By: Rachael Zipperer
In 1940, Woody Guthrie wrote “This Land is Your Land,” probably his most popular song and arguably one of the most influential songs in American folk music. The song has been covered innumerable times over the decades since it was written, and Guthrie inspired artists like Bob Dylan who have gone on to create some of the most recognized and well renowned music of the century. Legend has it that Guthrie wrote the song in response to hearing “God Bless America” one too many times and that he intended “This Land is Your Land” to carry a Marxist (or at the very least Populist) message against the ideal vision of America in songs like “God Bless America.”
Taking this into account, as well as the influence Guthrie had on political musicians like Dylan, it seems that the evolution of the American protest song can be traced back to “This Land is Your Land.” At this point, however, it is difficult to see Guthrie in modern examples of political music.
More recently, Conor Oberst, the front man and creative force behind the folk-rock project Bright Eyes, reunited with his lesser known band Desaparacidos to write a protest song for the modern age. While Bright Eyes often addressed concerns about the Bush administration, perhaps most notably with 2005’s “When the President Talks to God,” Oberst claims he does not enojy being political. However, he has recently made immigration law his political cause.
In 2010 Oberst put on a 14 band benefit in his hometown of Omaha to raise awareness about immigration issues. During a Bright Eyes show at Athens’ own Georgia Theatre in the Fall of 2011, Oberst took over two minutes between songs to address the audience directly concerning immigration laws. He referred multiple times to strict immigration laws as “the new Jim Crow,” citing the infamous rizona bill as well as bills passed in Alabama, Oberst’s own Nebraska, and HB 87 in Georgia. Amidst cheers from the front rows, Oberst called for action and awareness from the Georgians in attendance.
Desaparacidos’ song “Marikkkopa,” is a result of Oberst’s devotion to this cause and is overtly political in its attack of Arizona’s SB 1070 and Joe Arpaio, the Sheriff who carried out the law to the extreme. The title links the name of the county, Maricopa, in which Joe Arpaio is Sheriff, to the comparison some dissenters have made between Arpaio’s actions and the actions of the Jim Crow era Ku Klux Klan (KKK). The song ends with a sound byte from an interview with Arpaio in which he claims it was “an honor” to be compared to the hate group.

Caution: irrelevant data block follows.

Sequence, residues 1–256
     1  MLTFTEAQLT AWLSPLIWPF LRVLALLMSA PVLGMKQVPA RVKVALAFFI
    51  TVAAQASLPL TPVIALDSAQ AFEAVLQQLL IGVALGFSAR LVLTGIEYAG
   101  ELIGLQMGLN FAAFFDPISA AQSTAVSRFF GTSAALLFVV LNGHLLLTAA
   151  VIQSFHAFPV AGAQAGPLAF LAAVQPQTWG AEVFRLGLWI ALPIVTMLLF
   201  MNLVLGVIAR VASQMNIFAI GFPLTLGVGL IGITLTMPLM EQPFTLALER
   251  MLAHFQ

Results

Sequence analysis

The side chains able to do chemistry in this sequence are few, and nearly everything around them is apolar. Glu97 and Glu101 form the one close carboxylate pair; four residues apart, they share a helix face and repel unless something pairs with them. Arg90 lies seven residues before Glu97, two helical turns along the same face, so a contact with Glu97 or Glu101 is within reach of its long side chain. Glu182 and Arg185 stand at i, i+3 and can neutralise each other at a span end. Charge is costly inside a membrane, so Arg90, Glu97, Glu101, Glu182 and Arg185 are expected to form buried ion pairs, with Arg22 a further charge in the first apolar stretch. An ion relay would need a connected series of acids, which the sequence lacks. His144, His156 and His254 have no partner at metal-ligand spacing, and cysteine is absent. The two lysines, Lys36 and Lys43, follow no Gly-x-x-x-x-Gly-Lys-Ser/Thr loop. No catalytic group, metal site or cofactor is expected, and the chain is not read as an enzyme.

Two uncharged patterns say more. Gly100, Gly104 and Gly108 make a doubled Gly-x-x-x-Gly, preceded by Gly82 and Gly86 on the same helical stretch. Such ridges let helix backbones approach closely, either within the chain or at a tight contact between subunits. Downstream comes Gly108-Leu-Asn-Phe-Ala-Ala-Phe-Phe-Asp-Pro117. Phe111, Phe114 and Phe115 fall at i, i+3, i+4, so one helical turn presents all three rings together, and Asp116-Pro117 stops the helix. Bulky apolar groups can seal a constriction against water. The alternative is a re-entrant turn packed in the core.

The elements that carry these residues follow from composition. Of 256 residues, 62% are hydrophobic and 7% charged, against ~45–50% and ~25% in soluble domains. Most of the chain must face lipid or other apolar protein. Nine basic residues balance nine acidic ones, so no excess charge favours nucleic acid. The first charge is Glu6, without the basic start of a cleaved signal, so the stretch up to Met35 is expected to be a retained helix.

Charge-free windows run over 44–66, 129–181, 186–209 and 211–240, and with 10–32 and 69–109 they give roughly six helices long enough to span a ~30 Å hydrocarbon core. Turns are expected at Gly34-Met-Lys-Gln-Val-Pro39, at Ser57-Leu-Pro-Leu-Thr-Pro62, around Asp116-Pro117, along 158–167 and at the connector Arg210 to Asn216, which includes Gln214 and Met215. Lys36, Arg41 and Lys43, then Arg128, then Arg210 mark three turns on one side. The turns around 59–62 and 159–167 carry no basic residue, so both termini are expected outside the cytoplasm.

Another band, Arizona’s own folk-punk duo Andrew Jackson Jihad (AJJ), also tackled the issue. They, like the Oberst side project, attack Joe Arpaio by name with their punk tribute “Joe Arpaio is a Punk.” While many of the band’s other songs are predominantly acoustic and folksy, this song focuses on the “punk” aspect of the folk-punk genre. Diverging from previous songs that “ripped off…Woody Guthrie,” this protest song takes the music and some of the lyrics from punk classics “California Uber Alles” by the Dead Kennedys and “Last Caress” by The Misfits as the base for this song protesting the actions of the Maricopa County Sheriff.
Though both Oberst and AJJ have roots in folk music, the punk tone of “Marikkkopa” and “Joe Arpaio is a Punk,” make these protest songs angrier and more violent than the peaceful protest songs that occurred in folk music from Guthrie through the 60’s and beyond. This kind of emotion can rile up an audience, but the specificity of “Marikkkopa” and “Joe Arpaio is a Punk” may make their impact short lived, if it was not too late to begin with. Both of these songs were officially released in late Summer last year, after the Supreme Court decision to strike down many provisions of the Arizona law and after the ACLU took legal action against Joe Arpaio. Both address
only the Arizona law, specifically Maricopa County and Arpaio, using his and the county’s names and samples from actual interviews with “Sheriff Joe.” So, once the American government and public has addressed these specific issues, will the songs have any place in our culture?
Part of the reason “This Land is Your Land” has not faded into obscurity seems to be its timeless and universal message. Unlike the two examples of contemporary protest songs, it makes no reference to its time’s current events or to any specific issue. The tone of the song is also one of unity rather than anger. Though the more radical verse that describes hungry people in the “relief office” and questions “was this land made for you and me?” is an obvious indicator of the song’s intent to question government practices, as a whole “This Land is Your Land” focuses on the positive, embracing qualities of America to the point that it is often considered a patriotic song above being thought of as a protest song.
Though modern political songs have found their cause, their message does not seem likely to withstand the test of time. This implies that while “This Land is Your Land” will likely remain part of American culture for many years to come, the spirit behind the song that sought a positive societal shift rather than aggressive action against single issues may be lost.